|Minister for International Development and Europe|
18 May 2016 – 26 June 2018
|First Minister||Nicola Sturgeon|
|Preceded by||Humza Yousaf|
|Succeeded by||Ben Macpherson|
|Minister for Learning, Science and Scotland's Languages|
20 May 2011 – 18 May 2016
|First Minister||Alex Salmond|
|Preceded by||Angela Constance|
|Succeeded by||Shirley-Anne Somerville|
|Member of the Scottish Parliament |
for Na h-Eileanan an Iar
|Assumed office |
3 May 2007
|Preceded by||Alasdair Morrison|
|Born||6 May 1971|
|Political party||Scottish National Party|
|Alma mater||University of Aberdeen|
University of Glasgow
Alasdair James Allan (born 6 May 1971) is a Scottish politician serving as the Member of the Scottish Parliament (MSP) for the Na h-Eileanan an Iar constituency since 2007. A member of the Scottish National Party (SNP), he served as a Scottish Government from 2011 to 2018, first as Minister for Learning, Science and Scotland's Languages and then Minister for International Development and Europe.
Alasdair James Allan was born on 6 May 1971 in Ashkirk to Christine and John H. Allan. Allan graduated from the University of Glasgow with an MA in Scottish Language and Literature, continuing his studies at the University of Aberdeen, graduating with a PhD in Scots language in 1998.
He devoted his time and employment to the Scottish National Party in Peterhead, working for Alex Salmond, the former First Minister of Scotland, and he subsequently became assistant to Michael Russell. Previous to becoming an MSP, Alasdair was senior media relations officer for the Church of Scotland.
He is quadrilingual, and is able to speak: Scottish Gaelic, Norwegian, Scots and English.
Allan was the SNP candidate for Gordon at the 2003 Scottish Parliament election. As National Secretary of the SNP, he was responsible in July 2004 for the expulsion of Campbell Martin from the party after Martin had claimed that there was a case for supporters of independence not voting SNP.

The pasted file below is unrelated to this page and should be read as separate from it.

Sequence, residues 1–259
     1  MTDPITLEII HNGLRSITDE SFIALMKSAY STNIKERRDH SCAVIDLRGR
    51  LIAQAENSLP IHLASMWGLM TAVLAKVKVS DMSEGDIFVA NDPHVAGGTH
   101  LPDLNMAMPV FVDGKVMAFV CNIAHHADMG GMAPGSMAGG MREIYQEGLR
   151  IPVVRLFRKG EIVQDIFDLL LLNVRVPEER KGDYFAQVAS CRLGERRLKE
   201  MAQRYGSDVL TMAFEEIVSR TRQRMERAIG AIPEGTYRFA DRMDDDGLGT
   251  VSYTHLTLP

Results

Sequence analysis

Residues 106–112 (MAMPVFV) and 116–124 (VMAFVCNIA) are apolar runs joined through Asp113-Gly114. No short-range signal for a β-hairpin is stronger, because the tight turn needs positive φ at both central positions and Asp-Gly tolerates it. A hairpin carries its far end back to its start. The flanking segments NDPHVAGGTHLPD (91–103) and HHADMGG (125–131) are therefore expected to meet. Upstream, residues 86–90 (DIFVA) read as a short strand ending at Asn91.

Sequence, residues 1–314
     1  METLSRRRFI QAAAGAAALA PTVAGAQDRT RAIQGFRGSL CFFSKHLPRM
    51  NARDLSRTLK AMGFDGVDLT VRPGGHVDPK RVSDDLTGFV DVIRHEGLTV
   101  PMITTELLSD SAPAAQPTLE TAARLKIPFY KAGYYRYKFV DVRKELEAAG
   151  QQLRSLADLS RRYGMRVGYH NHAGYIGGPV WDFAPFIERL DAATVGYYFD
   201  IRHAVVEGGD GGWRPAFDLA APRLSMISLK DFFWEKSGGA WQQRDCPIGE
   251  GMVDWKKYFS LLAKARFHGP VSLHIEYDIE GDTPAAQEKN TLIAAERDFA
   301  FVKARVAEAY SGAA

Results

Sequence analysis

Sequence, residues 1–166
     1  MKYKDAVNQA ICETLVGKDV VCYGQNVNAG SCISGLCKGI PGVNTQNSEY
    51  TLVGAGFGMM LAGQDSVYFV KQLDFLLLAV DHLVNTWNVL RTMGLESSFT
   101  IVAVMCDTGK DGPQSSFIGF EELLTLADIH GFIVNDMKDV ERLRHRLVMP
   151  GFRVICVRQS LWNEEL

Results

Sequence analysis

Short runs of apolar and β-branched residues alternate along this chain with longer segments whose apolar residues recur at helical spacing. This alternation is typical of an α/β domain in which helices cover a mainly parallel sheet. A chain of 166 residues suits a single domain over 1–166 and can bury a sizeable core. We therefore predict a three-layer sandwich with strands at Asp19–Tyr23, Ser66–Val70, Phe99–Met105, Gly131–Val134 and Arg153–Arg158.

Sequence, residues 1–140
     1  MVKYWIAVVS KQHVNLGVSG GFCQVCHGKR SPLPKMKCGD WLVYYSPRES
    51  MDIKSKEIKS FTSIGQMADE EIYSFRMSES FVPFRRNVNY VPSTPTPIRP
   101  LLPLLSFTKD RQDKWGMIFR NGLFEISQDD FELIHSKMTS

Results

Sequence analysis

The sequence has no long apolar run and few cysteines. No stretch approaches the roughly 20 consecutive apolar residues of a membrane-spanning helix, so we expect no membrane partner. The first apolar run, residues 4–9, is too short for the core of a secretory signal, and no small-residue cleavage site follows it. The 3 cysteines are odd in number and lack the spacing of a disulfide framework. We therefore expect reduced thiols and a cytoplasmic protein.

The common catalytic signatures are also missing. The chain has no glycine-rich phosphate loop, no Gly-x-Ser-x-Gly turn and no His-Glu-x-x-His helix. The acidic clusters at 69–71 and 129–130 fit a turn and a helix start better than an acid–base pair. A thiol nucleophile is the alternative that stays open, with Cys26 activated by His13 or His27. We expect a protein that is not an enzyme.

Allan was next in line to become a list MSP for North East Scotland when Richard Lochhead resigned to fight the Moray by-election, however he decided instead to devote himself to contesting Na h-Eileanan an Iar, a key Labour–SNP marginal seat in the 2007 Scottish Parliament election. He relocated to Lewis and resigned his post as SNP National Secretary. This move proved successful, as he was elected with 46.6% of the vote – a 5.4% swing from Labour.
In the 2011 Scottish Parliament election Allan again stood for the SNP in the now renamed seat of Na h-Eileanan an Iar and increased his majority, returning to Holyrood with 65.3% of the vote, an increase of 18.7% and a swing of 15.8% from Labour.
As of July 2020, Allan is a member of the Committee on the Scottish Government Handling of Harassment Complaints, the Education and Skills Committee and the Justice Committee of the Scottish Parliament.